turk: Welcome to the T&TH boards.
You ask a good question, and I think the answer is yes, predators can and do have the effect of diminishing turkey vocalizations. I doubt it is a factor when a turkey encounters an occasional fox or 'yote, but if they're seeing them frequently they are on pins and needles as you describe. Some people think vocal turkeys make themselves vulnerable, and the tendency to gobble is bred out of them because the non-vocal turkeys survive. I don't think that's the case. I don't think many turkeys are non-vocal, and I think it would take many generations for the "gobbling genes" to be bred out of them.
I don't know the answer to the question you didn't ask -- how to cope with that difficult situation. But I do believe turkeys don't need to be vocal to hook up with one another. I've seen turkeys get together without calling enough to believe they will find each other anyway. My best advice (I'm sure others will have better advice) is to keep at it, study the turkeys, their habits, their patterns, and learn how to put yourself where they want to go. Don't call much, and keep your calling soft.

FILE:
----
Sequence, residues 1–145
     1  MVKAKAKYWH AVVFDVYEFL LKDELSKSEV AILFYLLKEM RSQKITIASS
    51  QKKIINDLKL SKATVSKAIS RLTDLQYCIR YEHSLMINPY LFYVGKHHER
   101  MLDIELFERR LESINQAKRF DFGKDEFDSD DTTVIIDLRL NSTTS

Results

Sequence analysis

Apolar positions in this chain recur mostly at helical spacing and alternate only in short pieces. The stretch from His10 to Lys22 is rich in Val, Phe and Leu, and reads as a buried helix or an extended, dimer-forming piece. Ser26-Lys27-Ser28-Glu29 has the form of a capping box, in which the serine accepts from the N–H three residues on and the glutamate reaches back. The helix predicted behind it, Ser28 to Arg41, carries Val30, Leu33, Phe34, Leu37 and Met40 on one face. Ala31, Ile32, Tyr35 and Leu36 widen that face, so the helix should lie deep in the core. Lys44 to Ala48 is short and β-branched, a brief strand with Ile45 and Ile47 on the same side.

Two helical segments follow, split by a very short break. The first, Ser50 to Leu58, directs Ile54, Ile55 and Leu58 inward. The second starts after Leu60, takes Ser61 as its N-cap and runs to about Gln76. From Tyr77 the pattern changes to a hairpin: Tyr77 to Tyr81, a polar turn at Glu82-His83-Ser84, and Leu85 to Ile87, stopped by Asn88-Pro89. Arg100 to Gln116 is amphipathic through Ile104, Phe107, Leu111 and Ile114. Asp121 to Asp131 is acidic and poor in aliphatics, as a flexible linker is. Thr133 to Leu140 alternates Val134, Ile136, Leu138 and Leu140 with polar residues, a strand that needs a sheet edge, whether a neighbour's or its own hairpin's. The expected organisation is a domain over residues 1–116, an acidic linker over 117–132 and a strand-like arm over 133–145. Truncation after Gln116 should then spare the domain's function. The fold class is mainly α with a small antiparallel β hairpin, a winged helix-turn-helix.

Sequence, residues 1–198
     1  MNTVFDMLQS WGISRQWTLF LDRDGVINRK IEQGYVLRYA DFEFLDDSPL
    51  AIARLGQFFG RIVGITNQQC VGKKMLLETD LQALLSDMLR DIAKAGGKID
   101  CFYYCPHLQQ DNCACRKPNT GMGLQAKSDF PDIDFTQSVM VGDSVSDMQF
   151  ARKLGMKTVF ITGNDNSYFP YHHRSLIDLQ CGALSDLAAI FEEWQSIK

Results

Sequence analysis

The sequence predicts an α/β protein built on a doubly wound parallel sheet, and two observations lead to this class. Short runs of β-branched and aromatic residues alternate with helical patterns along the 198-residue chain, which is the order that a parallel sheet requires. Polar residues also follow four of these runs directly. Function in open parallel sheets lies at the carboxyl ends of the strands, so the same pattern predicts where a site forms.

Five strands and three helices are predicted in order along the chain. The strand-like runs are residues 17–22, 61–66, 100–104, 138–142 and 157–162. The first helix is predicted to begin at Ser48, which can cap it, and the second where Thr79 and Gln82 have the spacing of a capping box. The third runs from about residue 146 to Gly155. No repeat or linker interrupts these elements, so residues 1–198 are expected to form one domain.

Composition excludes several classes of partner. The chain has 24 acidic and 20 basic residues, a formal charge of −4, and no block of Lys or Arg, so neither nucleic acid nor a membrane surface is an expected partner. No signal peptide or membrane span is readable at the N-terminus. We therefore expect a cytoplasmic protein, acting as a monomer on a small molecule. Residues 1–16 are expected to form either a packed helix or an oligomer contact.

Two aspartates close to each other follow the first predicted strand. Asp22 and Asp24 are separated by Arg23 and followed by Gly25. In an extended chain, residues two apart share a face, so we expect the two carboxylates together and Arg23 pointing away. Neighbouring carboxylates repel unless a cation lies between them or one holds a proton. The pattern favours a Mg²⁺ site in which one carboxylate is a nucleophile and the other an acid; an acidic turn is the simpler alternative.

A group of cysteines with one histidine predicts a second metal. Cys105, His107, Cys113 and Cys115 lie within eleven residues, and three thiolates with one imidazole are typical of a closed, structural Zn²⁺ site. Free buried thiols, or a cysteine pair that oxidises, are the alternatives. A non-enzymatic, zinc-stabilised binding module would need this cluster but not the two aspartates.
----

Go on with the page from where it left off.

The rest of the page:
By doing that, you'll invest a lot more time in the game, and you won't be as successful as you'd like. But other than that, my advice is to find a different place to hunt. There can't be that many predators everywhere.
Good luck. I hope others chime in.
When [url="http://www.EverydayHunter.com"]"The Everyday Hunter"[/url] isn't hunting, he's thinking about hunting, talking about hunting, dreaming about hunting, writing about hunting, or wishing he were hunting.